Suppose you want to input five numbers and add them together. One way (don't type this in unless you are feeling dutiful) is to write
10 LET total=0 20 INPUT a 30 LET total=total+a 40 INPUT a 50 LET total=total+a 60 INPUT a 70 LET total=total+a 80 INPUT a 90 LET total=total+a 100 INPUT a 110 LET total=total+a 120 PRINT total
This method is not good programming practice. It may be just about controllable for five numbers, but you can imagine how tedious a program like this to add ten numbers would be, and to add a hundred would be just impossible.
Much better is to set up a variable to count up to 5 and then stop the program, like this (which you should type in):
10 LET total=0 20 LET count=1 30 INPUT a 40 REM count=number of times that a has been input so far 50 LET total=total+a 60 LET count=count+1 70 IF count<=5 THEN GO TO 30 80 PRINT TOTAL
Notice how easy it would be to change line 70 so that this program adds ten numbers, or even a hundred.
This sort of counting is so useful that there are two special commands to make it easier: the FOR command and the NEXT command. They are always used together. Using these, the program you have just typed in does exactly the same as
10 LET total=0 20 FOR c=1 TO5 30 INPUT a 40 REM c=number of times that a has been input so far 50 LET total=total+a 60 NEXT c 80 PRINT total
(To get this program from the previous one, you just have to edit lines 20, 40, 60, and 70. TO is SYMBOL SHIFT with F.)
Note that we have changed count to c. The counting variable - or control variable of a FOR - NEXT loop must have a single letter for its name.
The effect of this program is that c runs through the values 1 (the initial value), 2, 3, 4 and 5 (the limit), and for each one, lines 30, 40 and 50 are executed. Then, when c has finished its five values, line 80 is executed.
An extra subtlety to this is that the control variable does not have to go up by 1 each time: you can change this 1 to anything you like by using a STEP part in the FOR command. The most general form for a FOR command isFOR control variable = initial value TO limit STEP step
where the control variable is a single letter, and the initial value, limit and step are all things that the computer can calculate as numbers - like the actual numbers themselves, or sums, or the names of numeric variables. So, if you replace line 20 in the program by
20 FOR c=1 TO 5 STEP 3/2
then c will run through the values 1, 2.5 and 4. Notice that you don't have to restrict yourself to whole numbers, and also that the control value does not have to hit the limit exactly - it carries on looping as long as it is less than or equal to the limit.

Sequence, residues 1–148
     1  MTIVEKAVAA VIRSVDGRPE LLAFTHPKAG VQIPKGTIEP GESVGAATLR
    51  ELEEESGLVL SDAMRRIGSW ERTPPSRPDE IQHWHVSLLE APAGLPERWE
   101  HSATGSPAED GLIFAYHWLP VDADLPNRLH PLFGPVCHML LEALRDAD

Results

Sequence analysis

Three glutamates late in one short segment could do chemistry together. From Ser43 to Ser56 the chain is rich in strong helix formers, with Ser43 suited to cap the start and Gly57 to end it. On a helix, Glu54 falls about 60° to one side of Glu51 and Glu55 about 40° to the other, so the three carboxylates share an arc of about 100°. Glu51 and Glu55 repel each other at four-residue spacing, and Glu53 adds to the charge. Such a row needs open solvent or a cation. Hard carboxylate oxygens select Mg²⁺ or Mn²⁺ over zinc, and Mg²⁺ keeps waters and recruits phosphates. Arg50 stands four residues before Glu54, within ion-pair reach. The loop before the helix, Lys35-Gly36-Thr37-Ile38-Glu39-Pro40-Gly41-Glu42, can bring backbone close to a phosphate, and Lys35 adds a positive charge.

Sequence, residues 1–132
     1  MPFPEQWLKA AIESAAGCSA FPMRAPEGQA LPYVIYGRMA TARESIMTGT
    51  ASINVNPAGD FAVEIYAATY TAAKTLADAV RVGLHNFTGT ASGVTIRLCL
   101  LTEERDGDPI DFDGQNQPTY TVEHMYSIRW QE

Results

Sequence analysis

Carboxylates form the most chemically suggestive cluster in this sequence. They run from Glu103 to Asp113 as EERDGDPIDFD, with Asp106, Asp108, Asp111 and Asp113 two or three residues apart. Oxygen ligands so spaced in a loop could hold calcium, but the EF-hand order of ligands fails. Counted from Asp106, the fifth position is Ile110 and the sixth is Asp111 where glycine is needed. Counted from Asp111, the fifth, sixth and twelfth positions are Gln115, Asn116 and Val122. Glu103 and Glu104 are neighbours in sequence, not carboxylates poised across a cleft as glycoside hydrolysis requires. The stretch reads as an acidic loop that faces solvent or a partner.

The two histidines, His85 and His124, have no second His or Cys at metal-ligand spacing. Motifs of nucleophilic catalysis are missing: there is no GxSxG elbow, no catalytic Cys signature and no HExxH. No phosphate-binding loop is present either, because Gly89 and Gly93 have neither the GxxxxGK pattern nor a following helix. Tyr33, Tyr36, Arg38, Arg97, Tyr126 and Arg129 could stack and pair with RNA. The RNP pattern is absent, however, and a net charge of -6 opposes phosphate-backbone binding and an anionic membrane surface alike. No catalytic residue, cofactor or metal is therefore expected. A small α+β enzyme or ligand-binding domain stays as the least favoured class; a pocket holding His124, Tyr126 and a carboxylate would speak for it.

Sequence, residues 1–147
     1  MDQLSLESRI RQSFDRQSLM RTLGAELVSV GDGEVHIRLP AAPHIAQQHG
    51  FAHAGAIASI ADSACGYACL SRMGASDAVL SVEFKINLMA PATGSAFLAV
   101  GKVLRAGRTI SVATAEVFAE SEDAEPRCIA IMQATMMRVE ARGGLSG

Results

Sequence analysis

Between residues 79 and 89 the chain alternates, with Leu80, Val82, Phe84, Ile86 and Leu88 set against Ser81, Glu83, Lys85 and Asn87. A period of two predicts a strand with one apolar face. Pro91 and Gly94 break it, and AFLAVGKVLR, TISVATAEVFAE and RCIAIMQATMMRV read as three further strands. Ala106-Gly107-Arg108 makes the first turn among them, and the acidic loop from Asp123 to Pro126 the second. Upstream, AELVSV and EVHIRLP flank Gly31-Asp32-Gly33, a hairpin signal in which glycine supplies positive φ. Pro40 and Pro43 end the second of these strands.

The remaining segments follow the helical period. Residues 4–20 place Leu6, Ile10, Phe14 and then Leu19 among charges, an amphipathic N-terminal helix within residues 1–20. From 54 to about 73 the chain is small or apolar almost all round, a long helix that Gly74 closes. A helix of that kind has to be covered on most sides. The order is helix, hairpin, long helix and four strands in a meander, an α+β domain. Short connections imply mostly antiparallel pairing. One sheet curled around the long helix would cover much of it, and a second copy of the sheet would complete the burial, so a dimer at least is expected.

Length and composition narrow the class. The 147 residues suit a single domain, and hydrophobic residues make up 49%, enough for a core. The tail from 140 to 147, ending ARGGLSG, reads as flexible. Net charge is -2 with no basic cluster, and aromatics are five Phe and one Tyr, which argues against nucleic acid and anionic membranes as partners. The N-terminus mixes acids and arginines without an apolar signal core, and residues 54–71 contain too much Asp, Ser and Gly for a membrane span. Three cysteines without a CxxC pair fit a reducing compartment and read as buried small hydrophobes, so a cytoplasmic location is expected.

Try this program, to print out the numbers from 1 to 10 in reverse order.
10 FOR n=10 TO 1 STEP -1 20 PRINT n 30 NEXT n
We said before that the program carries on looping as long as the control variable is less than or equal to the limit. If you work out what this would mean in this case. you will see that it gives nonsense. The normal rule has to be modified: when the step is negative, the program carries on looping as long as the control variable is greater than or equal to the limit.
You must be careful if you are running two FOR - NEXT loops together, one inside the other. Try this program, which prints out the numbers for a complete set of six spot dominoes.
10 FOR m=0 TO 6 } 20 FOR n=0 TO m } } 30 PRINT m;":";n;" "; } n-loop } m-loop 40 NEXT n } } 50 PRINT } 60 NEXT m }
You can see that the n-loop is entirely inside the m-loop - they are properly nested. What must be avoided is having two FOR - NEXT loops that overlap without either being entirely inside the other, like this:
5 REM this program is wrong 10 FOR m=0 TO 6 } 20 FOR n=0 TO m } m-loop } 30 PRINT m;":";n;" "; } } 40 NEXT m } } n-loop 50 PRINT } 60 NEXT n }
Two FOR - NEXT loops must either be one inside the other, or be completely separate.
Another thing to avoid is jumping into the middle of a FOR - NEXT loop from the outside. The control variable is only set up properly when its FOR statement is executed, and if you miss this out the NEXT statement will confuse the computer. You will probably get an error report saying NEXT without FOR or variable not found.
There is nothing whatever to stop you using FOR and NEXT in a direct command. For example, try:
FOR m=0 TO 10: PRINT m: NEXT m
You can sometimes use this as a (somewhat artificial) way of getting round the restriction that you cannot GO TO anywhere inside a command - because a command has no line nurrber. For instance,
FOR m=0 TO 1 STEP 0: INPUT a: PRINT a: NEXT m
The step of zero here makes the command repeat itself forever.
This sort of thing is not really recommended, because if an error crops up then you have lost the command and will have to type it in again - and CONTINUE will not work.